I realize that this is probably old news to you now but I realized I still had some email subscribers to this website.
I made the migration to a self-hosted blog about 8 months ago and the details are below:
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See you all there!
“Caye Caulker, Go Slow” was one of the first things I saw after getting off the ferry from Belize City.
It turned out to be a very fitting motto. The four days I spent on Caye Caulker were probably four of the most chilled-out days of my life. I’d saunter down the main drag, with a gallon jug of water in one hand, and hear some rasta guy call over, “Hey mon, slow down mon.” Reggae music (Bob Marley being the preferred choice, of course) played all day and night. People loitered in front of their shops doing next to nothing in the hot afternoons. Island life, it seemed, was 1/4 the speed of normal life.
I sat near the aft of the boat with the sun shining down, wind streaking through my hair and looked across the Caribbean Sea at the island of Caye Caulker, Belize. If my trip was originally supposed to be Guatemala only, how the hell did I end up here?
Flores, Guatemala was my first stop, the gateway to Tikal and one of my favorite places I saw on this trip. I only spent two days and nights there but it seemed much longer. I suppose it was because I did so much the first day (showing up ungodly early and staying up late) but time, nonetheless, felt slow.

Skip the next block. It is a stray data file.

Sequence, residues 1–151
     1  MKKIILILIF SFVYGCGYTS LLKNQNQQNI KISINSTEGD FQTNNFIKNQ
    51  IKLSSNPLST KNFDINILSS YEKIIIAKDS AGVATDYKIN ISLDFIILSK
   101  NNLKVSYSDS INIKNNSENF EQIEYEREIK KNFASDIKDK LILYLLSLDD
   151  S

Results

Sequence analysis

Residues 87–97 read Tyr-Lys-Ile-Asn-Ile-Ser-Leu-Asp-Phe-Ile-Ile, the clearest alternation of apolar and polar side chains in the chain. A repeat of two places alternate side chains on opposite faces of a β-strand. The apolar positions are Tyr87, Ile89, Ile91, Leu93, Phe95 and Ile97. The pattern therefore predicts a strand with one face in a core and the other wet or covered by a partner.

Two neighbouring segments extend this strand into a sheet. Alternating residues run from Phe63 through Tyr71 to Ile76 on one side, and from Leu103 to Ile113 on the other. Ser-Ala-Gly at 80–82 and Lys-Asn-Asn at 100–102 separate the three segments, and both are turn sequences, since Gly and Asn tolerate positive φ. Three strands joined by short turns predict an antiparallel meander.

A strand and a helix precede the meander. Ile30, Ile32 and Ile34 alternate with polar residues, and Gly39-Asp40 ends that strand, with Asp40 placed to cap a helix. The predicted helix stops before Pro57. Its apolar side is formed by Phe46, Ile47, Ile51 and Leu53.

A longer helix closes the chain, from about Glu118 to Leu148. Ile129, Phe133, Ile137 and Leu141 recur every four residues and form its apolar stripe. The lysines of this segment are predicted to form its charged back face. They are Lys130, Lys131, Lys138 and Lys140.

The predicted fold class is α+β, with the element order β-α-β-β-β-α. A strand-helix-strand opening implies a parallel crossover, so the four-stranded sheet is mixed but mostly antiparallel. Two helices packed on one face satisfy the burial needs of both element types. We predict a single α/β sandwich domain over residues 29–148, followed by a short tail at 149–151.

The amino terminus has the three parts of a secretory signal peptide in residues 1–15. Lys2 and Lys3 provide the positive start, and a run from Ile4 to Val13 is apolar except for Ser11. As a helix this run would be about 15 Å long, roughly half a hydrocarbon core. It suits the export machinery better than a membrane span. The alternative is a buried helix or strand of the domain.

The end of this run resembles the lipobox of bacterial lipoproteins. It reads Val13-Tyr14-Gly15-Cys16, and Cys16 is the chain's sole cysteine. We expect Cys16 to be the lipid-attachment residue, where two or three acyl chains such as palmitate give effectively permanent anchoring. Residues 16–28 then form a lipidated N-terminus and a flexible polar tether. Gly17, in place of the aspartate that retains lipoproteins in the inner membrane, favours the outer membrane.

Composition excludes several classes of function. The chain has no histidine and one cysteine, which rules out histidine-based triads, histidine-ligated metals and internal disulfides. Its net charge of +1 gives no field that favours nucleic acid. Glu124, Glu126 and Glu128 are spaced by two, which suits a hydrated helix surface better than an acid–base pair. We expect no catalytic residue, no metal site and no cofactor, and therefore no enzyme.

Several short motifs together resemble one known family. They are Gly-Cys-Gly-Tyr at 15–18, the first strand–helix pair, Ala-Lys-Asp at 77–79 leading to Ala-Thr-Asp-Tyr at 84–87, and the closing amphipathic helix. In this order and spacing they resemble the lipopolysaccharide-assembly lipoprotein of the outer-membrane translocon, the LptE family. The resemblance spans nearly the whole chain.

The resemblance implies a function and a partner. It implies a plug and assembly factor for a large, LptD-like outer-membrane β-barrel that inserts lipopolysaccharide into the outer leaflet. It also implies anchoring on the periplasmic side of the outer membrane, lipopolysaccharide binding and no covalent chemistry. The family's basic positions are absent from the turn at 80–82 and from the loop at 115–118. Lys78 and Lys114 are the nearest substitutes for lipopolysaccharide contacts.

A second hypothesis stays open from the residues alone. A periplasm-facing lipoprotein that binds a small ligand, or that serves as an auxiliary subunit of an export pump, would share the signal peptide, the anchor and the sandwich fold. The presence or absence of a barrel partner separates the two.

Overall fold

The town reminded me of Copan, Honduras except that it was surrounded by a lake. It was composed of narrow cobblestone streets and pretty buildings no higher than three stories. The town was so small that you could pretty much walk end-to-end in 10 minutes and circle the whole thing in 30. I tend to have a soft-spot for small towns and Flores was no exception. Not only that, the blue skies, warm weather, lakeside piers and slow pace of life reminded me of summer.
Thinking back to all my travels and all the people I’ve met, I’d have to say that a large number of friendships were made on the bus. It makes sense if you think about it: when going to an unfamiliar place, often with no accommodation booked, it’s easy to tag along with someone you’ve just spent several hours chatting to.
Not surprisingly then, the first group of people I met on this trip happened to be on my Tikal tour. After dropping off my large backpack at Los Amigos, me and an Italian guy from the night bus went running around town looking for the 5am minibus leaving for Tikal.
As it turned out, Flores is a small town with only one bridge out. We hopped on as the bus was leaving and headed off in the early morning darkness.
The red digital clock located above the center aisle read “2:09”. I had just woken up from a restless doze and peered out the window. Lit by the nearly full moon and the dim afterglow of the bus headlamps, the blur of trees and bush were occasionally interrupted by a roadside shack. Other than some snoring, the only sounds were the low hum of the engine and the constant creaking of a bus bouncing on uneven roads.
“Hello nightbus, it’s been a while.”
I was back in action, back in Latin America.
Tonight, I talked to an Indonesian friend I met in Bangkok back in January 2009. Since I last saw her in Thailand, she had left her job and boyfriend in Jakarta, studied in Europe, gotten married to a German guy and would be going to Germany mid next year.
We were talking and, out of the blue, she thanked me.
Almost exactly three years ago, I returned to the states from my three month study abroad trip in England. A couple weeks before leaving, I sat down and wrote about my experience in a note I posted on Facebook.
She said this note had inspired her to see the world which ultimately resulted in where she is now. I was floored.
I re-read it for the first time in years tonight. It amazed me how nearly all of the things I said then I still believe in now. It was also great to see that I had followed-through with the promise I made myself so many years ago.
Below is the note in full.